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Cops Cleared in Killing of Pregnant Teen

Two Fremont cops shot into a moving vehicle in Hayward last year, killing Elena Mondragon. The DA's office ruled the shooting was justified and is now charging the driver with murder.



Elena Mondragon was killed on March 14, 2017. - PHOTO FROM THE MONDRAGON FAMILY'S FACEBOOK PAGE
  • Photo from the Mondragon family's Facebook page
  • Elena Mondragon was killed on March 14, 2017.
As the stolen BMW scraped against the side of an unmarked police van in a desperate attempt to escape, two plain-clothes police officers opened fire with their AR-15 rifles. They missed the driver — who was wanted for a string of violent armed robberies — and instead struck Elena Mondragon.

Five bullets and bullet fragments ripped through Mondragon's body. The pregnant 16-year-old girl was pronounced dead less than three hours later at a nearby hospital.

The fatal shooting of Mondragon by two Fremont cops occurred in Hayward on March 14 of last year, but in the following 11 months, authorities from multiple law enforcement agencies repeatedly declined to release information about the killing. "We never heard anything from anybody," Mondragon's uncle Miguel Minjares said in a recent interview. He complained about the secrecy of multiple law enforcement agencies and questioned why his family wasn't provided with information for almost a year.

Last week, the Alameda County District Attorney's Office finally completed its review of the police shooting, providing new details and concluding that Fremont Detective Joel Hernandez and Sgt. Jeremy Miskella were justified in fatally shooting Mondragon, because they were trying to stop 19-year-old Rico Tiger, the driver of the car, from killing their partner and slipping through the net they had cast to apprehend him.

In addition, prosecutors have decided to charge Tiger with murder, blaming him for Mondragon's death. He's also facing other felony charges; he was arrested in San Francisco the day after Mondragon died. In a letter to the Express, Fremont City Attorney Bronwen Lacey alleged that Tiger was a member of "a crew that is associated with a violent gang located in Oakland with ties to the city of Hayward called ENT and/or Money Team."

Court records and the DA's report describe the shooting as a chaotic scene in which the Fremont police officers' strategy to corner and trap Tiger didn't go according to plan. Instead, they scrambled to avoid being run over while other cops fired into the vehicle Tiger was driving.

The shooting had its origins in a series of armed robberies allegedly perpetrated by Tiger and several other accomplices over the prior year, according to court records.

Last February, Tiger, his friend 19-year-old Khyrie Copes, and others allegedly executed a spree of armed robberies across Santa Clara County and in Fremont and Union City. Police investigators described them as "violent, armed with firearms, and [having] employed police-like capture tactics."

One victim told police she parked in her home driveway one afternoon when a vehicle suddenly boxed her in. Two men exited. One leveled a pistol on her while the other said, "just give me your purse."

Another victim arrived at his house when three men ran up, one of them pointing a black handgun. A second man punched him in the face. They frisked his pockets and disappeared in a silver SUV.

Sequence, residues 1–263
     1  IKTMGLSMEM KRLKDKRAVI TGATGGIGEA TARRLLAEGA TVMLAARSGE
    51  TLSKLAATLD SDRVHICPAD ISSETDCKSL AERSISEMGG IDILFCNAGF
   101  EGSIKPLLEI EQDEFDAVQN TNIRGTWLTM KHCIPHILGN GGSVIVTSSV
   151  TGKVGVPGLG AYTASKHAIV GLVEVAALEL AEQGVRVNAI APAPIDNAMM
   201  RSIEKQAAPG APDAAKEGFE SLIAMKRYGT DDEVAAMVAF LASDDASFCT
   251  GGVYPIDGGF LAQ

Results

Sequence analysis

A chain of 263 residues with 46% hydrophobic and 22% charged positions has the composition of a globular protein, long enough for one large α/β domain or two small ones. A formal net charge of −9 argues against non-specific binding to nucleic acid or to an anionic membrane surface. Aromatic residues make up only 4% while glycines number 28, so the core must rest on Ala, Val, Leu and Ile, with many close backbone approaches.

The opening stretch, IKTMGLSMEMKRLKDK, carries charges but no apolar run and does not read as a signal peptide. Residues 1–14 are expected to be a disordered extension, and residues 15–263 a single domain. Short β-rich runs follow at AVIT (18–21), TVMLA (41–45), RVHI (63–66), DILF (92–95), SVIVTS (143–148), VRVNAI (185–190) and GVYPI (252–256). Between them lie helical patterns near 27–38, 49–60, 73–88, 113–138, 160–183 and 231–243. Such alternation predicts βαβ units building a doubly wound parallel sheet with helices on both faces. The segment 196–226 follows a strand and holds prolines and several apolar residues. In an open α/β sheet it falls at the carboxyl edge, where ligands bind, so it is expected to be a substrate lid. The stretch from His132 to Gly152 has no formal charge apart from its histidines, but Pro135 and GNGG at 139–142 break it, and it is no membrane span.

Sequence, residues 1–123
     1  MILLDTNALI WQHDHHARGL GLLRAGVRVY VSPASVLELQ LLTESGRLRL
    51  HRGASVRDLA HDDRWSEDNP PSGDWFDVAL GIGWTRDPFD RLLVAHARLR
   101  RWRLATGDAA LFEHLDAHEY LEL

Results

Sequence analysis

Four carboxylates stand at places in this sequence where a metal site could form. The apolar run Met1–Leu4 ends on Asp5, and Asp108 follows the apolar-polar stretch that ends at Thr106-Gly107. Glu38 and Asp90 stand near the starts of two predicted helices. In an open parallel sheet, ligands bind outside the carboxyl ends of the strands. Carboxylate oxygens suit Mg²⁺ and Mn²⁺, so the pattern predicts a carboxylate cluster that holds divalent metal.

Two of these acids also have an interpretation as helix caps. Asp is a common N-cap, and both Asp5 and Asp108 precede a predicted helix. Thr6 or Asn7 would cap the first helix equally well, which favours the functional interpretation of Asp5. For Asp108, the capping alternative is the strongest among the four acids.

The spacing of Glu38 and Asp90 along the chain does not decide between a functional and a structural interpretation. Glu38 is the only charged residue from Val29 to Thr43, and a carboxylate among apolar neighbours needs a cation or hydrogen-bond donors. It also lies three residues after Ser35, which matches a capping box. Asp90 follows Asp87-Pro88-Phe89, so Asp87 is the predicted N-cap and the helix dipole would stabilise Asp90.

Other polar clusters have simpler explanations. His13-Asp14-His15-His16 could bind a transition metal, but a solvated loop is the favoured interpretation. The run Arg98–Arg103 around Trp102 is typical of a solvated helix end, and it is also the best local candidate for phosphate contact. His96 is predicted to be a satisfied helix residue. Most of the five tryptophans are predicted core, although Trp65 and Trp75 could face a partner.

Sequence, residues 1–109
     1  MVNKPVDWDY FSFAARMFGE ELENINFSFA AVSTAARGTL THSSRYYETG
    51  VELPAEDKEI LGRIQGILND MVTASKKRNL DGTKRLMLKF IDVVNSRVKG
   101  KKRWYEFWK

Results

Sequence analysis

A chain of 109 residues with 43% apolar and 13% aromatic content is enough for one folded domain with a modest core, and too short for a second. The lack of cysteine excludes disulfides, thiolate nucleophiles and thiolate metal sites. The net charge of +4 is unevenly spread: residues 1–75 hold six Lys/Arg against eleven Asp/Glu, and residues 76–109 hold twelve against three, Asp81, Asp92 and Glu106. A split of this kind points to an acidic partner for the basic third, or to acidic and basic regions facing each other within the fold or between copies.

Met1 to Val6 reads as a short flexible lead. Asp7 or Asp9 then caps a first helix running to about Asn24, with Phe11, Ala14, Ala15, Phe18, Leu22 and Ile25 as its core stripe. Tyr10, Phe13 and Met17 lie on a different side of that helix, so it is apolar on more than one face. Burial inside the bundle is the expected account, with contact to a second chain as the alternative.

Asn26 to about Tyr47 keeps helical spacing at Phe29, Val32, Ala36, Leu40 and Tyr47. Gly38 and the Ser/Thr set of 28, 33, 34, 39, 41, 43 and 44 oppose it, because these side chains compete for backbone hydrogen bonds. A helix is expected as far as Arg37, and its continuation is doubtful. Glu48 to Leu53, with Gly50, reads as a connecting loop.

The stick-up crew's undoing was a tracking system embedded in a stolen BMW sedan. On March 11 last year, Tiger, Copes, and another accomplice fled the scene of a Union City armed robbery in a stolen white BMW SUV. Police chased them into San Francisco where the three men bailed out of the vehicle and disappeared. The cops recovered a cellphone that had Tiger's information on it. Another phone allegedly belonging to Copes was found nearby. Police later figured out that the SUV had been stolen from the Manheim Auto Auction in Hayward.

Police learned that the thieves had been nabbing Manheim's vehicles as they were being staged for loading onto transport trucks. In addition to the silver SUV, there was a charcoal colored BMW 550X sedan stolen around the same time. Fremont Sgt. Eric Tang surmised that the sedan was taken by the same crew. After contacting BMW, Tang learned the vehicle came equipped with GPS tracking.

The dealership activated the GPS and began feeding coordinates to the Fremont detectives. On March 14, at around 3 p.m. the Southern Alameda County Major Crimes Task Force, which was leading the case, was sent information that the BMW was in Hayward. They assembled a team that included Fremont detectives Ghailan Chahouati and Joel Hernandez, along with officer James Taylor. The three rode in an unmarked Dodge minivan. Calling this the "heavy van," the trio would move in to arrest Tiger and Copes. Fremont police Sgt. Jeremy Miskella drove a small unmarked Honda Pilot SUV and also would assist in the arrest. Three other officers would carry out surveillance nearby in parked cars and on foot. With the exception of Taylor, who was handling a canine, all the arrest team officers were equipped with AR-15 rifles.

On March 14, 2017, they found the BMW tucked into the last parking spot on a dead-end street inside the City View Apartments near California State University East Bay in Hayward. Mondragon, Tiger, Copes, and Mondragon's cousin, Airieanna Cabrera, were swimming in the complex's pool. It was a warm March afternoon. They stayed poolside for about an hour while an undercover officer observed them. Mondragon, who was from Antioch, was a friend of Tiger's.

The arrest team's plan was to wait until Tiger, Copes, and the two girls returned from the pool and got into the BMW. From there, the police would conduct a maneuver much like that used by Tiger and Copes to rob people. They hoped to block the BMW in its parking spot with their own vehicles, and arrest the suspects at gunpoint.